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Motorists hitting deer in record numbers

| October 4, 2006 12:00 AM

By GWEN ALBERS Western News Reporter

Motorists for a 10th year in a row are expected to set a record number for deer kills on Libby roadways.

The number of dead whitetails as of Monday had surpassed the number killed by Oct. 1 one year ago. And with the mating season approaching, and deer looking for food and water in low-lying areas, the chances of hitting a deer are expected to increase.

"The next 45 days is going to be the most significant and intense period of movement," said Van Swearingen, supervisor for the Montana Department of Transportation in Libby. "They come out of nowhere and they are usually on a dead run."

Libby road workers in 2005 scooped up a record 340 dead whitetails, or about 5.7 percent of the deer killed in Montana, Swearingen said. At the current rate, it looks like that number will increase to 360 to 370 for this year.

"It's been 275 days since Jan. 1," he said Monday. "I picked up number 279 today. That's one per day, every day within a 5-mile perimeter of Libby."

In 2005, the 279 dead deer mark was reached on Nov. 2.

Most of the deer are hit along Highway 2 between Beck's Montana Cafe west of Libby and Whiskey Hill east of town, and four miles north of Libby along Highway 37. Secondary roads with high deer kills include Farm to Market and Kootenai River roads.

There's probably another 15 to 20 percent more deer that are hit but don't die along roadways, plus Libby Food Pantry picks up 30 to 40 annually, Swearingen said.

More dead deer costs the state's taxpayers more money.

"The man-hours, trucks, and miles (to clean up deer) is a sizable chunk of change," Swearingen said. "We're off spending in excess of a thousand hours a year doing this and not working on the roads."

More dead deer also means more business at Denny's Auto Body on Education Way. Eighty percent of the vehicles repaired are damaged by wildlife, said owner Denny Quinn. The average cost is $3,000 per rig.

"We've been busy," said Quinn. "It's about a month wait (to have repairs made)."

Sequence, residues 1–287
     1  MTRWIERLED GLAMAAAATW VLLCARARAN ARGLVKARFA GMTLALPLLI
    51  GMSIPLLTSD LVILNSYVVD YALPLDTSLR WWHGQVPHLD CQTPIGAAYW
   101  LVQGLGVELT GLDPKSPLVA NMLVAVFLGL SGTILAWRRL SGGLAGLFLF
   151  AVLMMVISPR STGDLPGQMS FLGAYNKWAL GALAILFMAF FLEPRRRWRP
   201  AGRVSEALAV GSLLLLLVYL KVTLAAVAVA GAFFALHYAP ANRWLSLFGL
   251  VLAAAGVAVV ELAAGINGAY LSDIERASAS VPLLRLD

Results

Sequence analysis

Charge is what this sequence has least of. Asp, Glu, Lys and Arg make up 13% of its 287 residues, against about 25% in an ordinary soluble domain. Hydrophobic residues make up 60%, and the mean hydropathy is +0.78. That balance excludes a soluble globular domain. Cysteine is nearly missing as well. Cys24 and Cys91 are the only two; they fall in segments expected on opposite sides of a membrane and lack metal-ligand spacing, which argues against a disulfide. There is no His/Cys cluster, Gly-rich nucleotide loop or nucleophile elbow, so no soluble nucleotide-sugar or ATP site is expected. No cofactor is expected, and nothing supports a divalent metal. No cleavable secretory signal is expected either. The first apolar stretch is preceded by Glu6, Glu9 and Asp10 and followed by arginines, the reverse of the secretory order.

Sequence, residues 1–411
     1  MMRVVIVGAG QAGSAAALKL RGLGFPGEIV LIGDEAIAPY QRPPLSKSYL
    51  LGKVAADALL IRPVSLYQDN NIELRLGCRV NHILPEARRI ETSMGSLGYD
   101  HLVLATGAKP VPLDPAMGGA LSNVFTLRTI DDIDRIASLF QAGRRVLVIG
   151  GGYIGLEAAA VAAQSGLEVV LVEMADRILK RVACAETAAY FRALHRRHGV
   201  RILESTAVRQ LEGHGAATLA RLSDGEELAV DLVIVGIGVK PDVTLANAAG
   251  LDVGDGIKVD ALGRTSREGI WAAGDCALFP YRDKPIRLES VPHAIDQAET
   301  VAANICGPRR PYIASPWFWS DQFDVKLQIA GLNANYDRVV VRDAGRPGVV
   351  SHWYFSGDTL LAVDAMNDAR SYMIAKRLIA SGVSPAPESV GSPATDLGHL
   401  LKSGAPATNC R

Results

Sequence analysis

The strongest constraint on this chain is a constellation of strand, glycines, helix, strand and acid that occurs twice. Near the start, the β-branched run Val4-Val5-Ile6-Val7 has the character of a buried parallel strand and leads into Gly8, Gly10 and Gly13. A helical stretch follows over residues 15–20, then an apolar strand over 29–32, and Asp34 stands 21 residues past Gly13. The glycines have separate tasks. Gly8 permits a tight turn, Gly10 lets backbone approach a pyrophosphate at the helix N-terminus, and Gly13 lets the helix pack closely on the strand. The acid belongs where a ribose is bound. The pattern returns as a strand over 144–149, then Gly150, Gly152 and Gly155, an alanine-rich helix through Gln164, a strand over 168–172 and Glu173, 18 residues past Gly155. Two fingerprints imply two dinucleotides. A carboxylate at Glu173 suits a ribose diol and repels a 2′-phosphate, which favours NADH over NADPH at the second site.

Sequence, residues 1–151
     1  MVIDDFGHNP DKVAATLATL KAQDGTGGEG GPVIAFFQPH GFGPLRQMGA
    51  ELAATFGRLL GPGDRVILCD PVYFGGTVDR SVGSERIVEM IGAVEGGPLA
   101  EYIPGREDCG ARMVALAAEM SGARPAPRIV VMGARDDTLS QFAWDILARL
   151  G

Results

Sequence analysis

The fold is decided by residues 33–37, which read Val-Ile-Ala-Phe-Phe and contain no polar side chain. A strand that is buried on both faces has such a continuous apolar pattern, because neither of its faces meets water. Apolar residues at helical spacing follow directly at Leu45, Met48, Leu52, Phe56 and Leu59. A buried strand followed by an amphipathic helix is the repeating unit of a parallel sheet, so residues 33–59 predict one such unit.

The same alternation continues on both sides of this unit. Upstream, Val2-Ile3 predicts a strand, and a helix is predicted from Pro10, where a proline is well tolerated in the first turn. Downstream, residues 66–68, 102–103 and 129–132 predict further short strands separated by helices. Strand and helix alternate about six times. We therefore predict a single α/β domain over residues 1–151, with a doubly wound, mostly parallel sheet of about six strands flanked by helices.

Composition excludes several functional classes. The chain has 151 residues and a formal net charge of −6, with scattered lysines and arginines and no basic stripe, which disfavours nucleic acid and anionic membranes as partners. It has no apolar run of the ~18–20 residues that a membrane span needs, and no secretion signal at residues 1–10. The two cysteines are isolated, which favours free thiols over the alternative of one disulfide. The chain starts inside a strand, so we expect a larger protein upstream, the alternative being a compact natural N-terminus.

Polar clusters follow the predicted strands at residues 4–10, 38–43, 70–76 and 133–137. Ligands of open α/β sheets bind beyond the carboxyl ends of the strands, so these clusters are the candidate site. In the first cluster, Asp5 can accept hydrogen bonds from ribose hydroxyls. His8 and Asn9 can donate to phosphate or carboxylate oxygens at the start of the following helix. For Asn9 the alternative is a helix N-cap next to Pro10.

Dick Buti, co-owner of Gene's Body Shop at 115 E. Second St., repairs about 150 cars annually due to deer damage.

"We've kept track over the last 10 to 15 years. One year we had 78 and the next 98," Buti said. "It kept going up until the big snow in 1996. Then it dropped off because the population was down."

"The last 10 years, it's increased," he continued. "One year we had 178. That was about the highest."

And for Tom Wood, president of First National Insurance of Montana in Libby, Monday morning was spent processing insurance claims thanks to deer.

"I can tell you the first four phone calls I got this morning were deer hits. They were just from this weekend," Wood said.

He estimates he process about 100 claims annually from deer being hit. Insurance rates tend to increase when deer are hit.

"Claims are much higher," Wood said. "They used to be $300 to $400, but now they're a minimum of $1,500 to $2,000."

Swearingen blames the increased kill on more deer.

"Whitetails have enjoyed all the logging. It opens the wilderness and provides more of a food source," he said.

In addition, recent milder winters has meant a lower mortality rate,

Slowing down while driving, particularly at night, is the best way to avoid a deer, Swearingen said.

"These little guys are doing their thing," he said. "They don't know what a highway is. They aren't able to compute 70 mph."